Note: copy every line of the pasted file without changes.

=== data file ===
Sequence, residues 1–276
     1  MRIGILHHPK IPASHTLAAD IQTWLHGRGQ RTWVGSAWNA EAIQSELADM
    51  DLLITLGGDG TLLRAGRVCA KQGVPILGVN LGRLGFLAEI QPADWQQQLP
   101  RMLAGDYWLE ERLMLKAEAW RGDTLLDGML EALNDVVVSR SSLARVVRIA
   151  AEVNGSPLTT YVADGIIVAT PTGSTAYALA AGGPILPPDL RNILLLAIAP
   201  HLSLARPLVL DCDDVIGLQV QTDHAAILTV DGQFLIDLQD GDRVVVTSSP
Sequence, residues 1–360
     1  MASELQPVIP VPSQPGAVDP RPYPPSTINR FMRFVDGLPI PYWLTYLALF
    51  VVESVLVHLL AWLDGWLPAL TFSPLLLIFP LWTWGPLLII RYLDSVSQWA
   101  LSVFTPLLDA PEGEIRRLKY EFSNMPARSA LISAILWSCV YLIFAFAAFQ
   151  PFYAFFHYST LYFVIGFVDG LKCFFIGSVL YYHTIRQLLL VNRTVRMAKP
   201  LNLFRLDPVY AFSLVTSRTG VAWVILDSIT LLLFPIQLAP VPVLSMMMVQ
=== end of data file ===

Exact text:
Sequence, residues 1–276
     1  MRIGILHHPK IPASHTLAAD IQTWLHGRGQ RTWVGSAWNA EAIQSELADM
    51  DLLITLGGDG TLLRAGRVCA KQGVPILGVN LGRLGFLAEI QPADWQQQLP
   101  RMLAGDYWLE ERLMLKAEAW RGDTLLDGML EALNDVVVSR SSLARVVRIA
   151  AEVNGSPLTT YVADGIIVAT PTGSTAYALA AGGPILPPDL RNILLLAIAP
   201  HLSLARPLVL DCDDVIGLQV QTDHAAILTV DGQFLIDLQD GDRVVVTSSP
Sequence, residues 1–360
     1  MASELQPVIP VPSQPGAVDP RPYPPSTINR FMRFVDGLPI PYWLTYLALF
    51  VVESVLVHLL AWLDGWLPAL TFSPLLLIFP LWTWGPLLII RYLDSVSQWA
   101  LSVFTPLLDA PEGEIRRLKY EFSNMPARSA LISAILWSCV YLIFAFAAFQ
   151  PFYAFFHYST LYFVIGFVDG LKCFFIGSVL YYHTIRQLLL VNRTVRMAKP
   201  LNLFRLDPVY AFSLVTSRTG VAWVILDSIT LLLFPIQLAP VPVLSMMMVQ